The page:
In 1970, Motor Trend named the Ford Torino the car of the year. Little changed for 1971, save the 351 Winsor becoming the Cobra’s default engine and the Fairlane and tagalong Falcon nameplates subsumed by the Torino.

Third Generation Ford Torino

1973 Ford Torino - carsforsale.com
1973 Ford Torino - carsforsale.com

For the new third-generation Torino starting in 1972, Ford gave the car another visual revamp. Most notable among the cosmetic changes was a new “fish mouth” grille design and bulging fender flares. The convertible option was dropped but a new name was added, the Gran Torino. The Torino name now designated the entry-level trim followed by the Gran Torino and Gran Torino Sport. The former two could still be had in both two- and four-door forms but the top trim Gran Torino Sport came exclusively as a two-door. Sadly, the Cobra was discontinued. However, station wagon versions were still available for all three trim levels.

Another major change was the shift to a body-on-frame construction. This cost-saving measure had the added benefit of improving the Torino’s ride and reducing road noise as well. A new 400 cu in V8 was added to the engine lineup to rest between the 351 and the 429.

For 1973, the Ram Air option was dropped, and a new engine added, a 460 cu in V8 was available as part of the “Police Package.” The Torino received updates to the grille and bumpers, shifting away from its muscle car pretentions and up market to a more mainstream offering. Sales were spectacular for the Torino in 1973, with 496,581 units sold that year.

1974 Ford Torino - Vanguard Motor Sales on youtube.com
1974 Ford Torino - Vanguard Motor Sales on youtube.com

1974 continued the same tread for the Torino away from its days as a muscle car. It gained weight, a new mesh grille, and additional updates to the front and rear end. The 460 cu in V8 was made available to the public, taking the place of the 429 as the Torino’s premium engine offering. Sales continued apace.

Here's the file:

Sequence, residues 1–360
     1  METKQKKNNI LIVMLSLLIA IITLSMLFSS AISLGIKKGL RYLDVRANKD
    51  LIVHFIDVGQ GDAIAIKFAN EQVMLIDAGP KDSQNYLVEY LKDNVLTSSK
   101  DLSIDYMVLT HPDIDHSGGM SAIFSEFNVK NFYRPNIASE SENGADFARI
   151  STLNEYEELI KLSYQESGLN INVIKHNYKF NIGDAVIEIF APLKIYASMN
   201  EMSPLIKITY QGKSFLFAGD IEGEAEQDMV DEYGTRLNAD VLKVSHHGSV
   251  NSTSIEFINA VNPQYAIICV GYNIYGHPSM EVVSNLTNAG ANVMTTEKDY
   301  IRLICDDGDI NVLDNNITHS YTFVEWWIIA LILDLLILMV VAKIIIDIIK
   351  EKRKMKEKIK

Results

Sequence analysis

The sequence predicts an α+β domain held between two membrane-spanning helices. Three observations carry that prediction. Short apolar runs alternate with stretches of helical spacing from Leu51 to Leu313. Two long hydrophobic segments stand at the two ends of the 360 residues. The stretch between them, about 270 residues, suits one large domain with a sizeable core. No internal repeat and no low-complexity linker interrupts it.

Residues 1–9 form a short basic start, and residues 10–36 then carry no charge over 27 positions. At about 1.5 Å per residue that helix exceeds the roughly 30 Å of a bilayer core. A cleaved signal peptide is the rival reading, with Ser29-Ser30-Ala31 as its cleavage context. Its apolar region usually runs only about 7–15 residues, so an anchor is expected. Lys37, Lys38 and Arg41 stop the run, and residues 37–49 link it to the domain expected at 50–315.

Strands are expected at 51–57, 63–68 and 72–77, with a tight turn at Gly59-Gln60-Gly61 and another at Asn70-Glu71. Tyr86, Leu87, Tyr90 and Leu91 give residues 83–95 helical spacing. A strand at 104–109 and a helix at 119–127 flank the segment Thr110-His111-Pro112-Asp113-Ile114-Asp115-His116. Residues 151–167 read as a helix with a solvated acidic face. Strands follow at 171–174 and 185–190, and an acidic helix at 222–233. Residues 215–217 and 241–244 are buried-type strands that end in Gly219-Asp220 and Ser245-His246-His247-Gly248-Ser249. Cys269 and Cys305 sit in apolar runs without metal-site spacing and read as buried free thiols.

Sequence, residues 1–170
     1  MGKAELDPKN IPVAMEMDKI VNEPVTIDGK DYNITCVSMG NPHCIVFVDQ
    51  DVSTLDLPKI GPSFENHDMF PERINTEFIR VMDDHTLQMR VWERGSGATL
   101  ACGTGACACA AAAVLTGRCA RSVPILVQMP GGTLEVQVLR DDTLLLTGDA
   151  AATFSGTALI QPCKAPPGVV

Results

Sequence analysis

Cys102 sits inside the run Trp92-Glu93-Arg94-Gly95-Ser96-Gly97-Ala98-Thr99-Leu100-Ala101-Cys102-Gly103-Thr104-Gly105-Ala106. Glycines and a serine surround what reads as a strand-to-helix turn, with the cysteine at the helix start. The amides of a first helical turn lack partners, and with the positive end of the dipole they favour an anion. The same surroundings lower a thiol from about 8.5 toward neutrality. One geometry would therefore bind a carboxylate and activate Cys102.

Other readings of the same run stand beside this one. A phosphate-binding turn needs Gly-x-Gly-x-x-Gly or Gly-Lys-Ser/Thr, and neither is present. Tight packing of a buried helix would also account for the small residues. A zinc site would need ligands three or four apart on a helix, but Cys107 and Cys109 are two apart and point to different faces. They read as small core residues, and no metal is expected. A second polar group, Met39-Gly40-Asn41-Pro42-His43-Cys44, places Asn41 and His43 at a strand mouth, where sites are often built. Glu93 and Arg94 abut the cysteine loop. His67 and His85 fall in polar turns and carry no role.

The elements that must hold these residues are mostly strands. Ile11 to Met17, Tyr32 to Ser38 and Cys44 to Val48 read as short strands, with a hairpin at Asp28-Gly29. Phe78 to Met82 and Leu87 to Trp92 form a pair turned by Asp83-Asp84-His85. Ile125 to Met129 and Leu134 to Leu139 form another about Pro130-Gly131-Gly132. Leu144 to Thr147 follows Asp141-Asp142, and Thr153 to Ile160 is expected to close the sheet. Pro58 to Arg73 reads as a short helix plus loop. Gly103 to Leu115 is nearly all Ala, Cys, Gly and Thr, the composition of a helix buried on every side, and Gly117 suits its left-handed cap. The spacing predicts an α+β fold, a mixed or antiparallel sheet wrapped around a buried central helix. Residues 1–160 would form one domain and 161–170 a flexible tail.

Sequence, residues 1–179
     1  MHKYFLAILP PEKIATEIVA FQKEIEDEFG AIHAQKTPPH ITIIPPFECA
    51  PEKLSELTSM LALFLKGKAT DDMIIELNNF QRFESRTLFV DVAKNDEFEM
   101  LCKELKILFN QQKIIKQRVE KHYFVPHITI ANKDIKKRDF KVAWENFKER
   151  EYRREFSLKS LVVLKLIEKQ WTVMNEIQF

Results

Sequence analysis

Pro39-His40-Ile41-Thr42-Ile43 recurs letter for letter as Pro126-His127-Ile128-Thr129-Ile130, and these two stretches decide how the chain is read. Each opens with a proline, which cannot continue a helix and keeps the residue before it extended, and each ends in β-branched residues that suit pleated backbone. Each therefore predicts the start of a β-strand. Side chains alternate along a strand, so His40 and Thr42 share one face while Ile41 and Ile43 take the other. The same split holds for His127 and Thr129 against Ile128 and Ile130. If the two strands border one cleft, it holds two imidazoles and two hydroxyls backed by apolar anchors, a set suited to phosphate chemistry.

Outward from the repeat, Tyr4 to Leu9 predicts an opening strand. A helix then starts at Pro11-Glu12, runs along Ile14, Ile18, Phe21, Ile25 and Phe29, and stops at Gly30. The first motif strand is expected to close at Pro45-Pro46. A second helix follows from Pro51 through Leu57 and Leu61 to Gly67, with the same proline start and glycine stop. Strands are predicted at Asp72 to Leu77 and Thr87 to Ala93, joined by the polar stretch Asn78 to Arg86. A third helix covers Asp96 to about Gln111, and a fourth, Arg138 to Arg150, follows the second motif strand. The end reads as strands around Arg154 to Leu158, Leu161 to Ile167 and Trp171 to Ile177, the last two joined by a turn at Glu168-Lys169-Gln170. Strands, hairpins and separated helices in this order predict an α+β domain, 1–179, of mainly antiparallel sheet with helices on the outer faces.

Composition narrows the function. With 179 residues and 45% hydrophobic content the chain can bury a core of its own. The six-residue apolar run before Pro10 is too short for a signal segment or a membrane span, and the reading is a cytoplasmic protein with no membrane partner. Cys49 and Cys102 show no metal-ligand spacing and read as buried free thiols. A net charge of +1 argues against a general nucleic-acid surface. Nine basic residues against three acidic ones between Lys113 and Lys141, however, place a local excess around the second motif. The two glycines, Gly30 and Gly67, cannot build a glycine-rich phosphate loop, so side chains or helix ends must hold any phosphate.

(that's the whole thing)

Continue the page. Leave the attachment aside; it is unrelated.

The arrival of the Clean Air Act and the introduction of catalytic converters spelled the doom of the Torino and many other dedicated V8 cars. Sales for the Torino dropped precipitously in 1975 as car buyers looked to smaller, more efficient cars. Ford would cancel the Torino after the 1976 model year.

On Screen

1976 Ford Torino from Starsky & Hutch - imcdb.org
1976 Ford Torino from Starsky & Hutch - imcdb.org

Despite being the last two years for the Torino, the 1975 and ’76 models receive more than their share of publicity thanks to their inclusion as the hero car in the hit TV show Starsky & Hutch. Done up in red with white striping, the “Striped Tomato” Gran Torino was a hit with fans of the show. Ford attempted to capitalize on the buzz by releasing 1,000 duplicate cars in 1976.

Clint Eastwood’s 2008 film Gran Torino gives the car top billing as Walt Kowalski’s prize possession an impeccably maintained 1972 Gran Torino in dark-metallic green. In the movie, the attempted theft of said Gran Torino is the catalyst for a culture and generation spanning friendship between Walt and a Hmong teenager Thao. Like Unforgiven, the film is a deconstruction of the hard-bitten, rigid masculinity that Eastwood embodied in his early film career.

However you best know it, as a NASCAR legend, a drag racer extraordinaire, movie car, or a 1970s station wagon with fake wood paneling, the protean Ford Torino was certainly more than just “Ford’s other muscle car.”

*Fun fact, Torino was a close runner-up to the Mustang name for Lee Iacocca’s new pony car back in 1964.

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Chris Kaiser

With two decades of writing experience and five years of creating advertising materials for car dealerships across the U.S., Chris Kaiser explores and documents the car world’s latest innovations, unique subcultures, and era-defining classics. Armed with a Master's Degree in English from the University of South Dakota, Chris left an academic career to return to writing full-time. He is passionate about covering all aspects of the continuing evolution of personal transportation, but he specializes in automotive history, industry news, and car buying advice.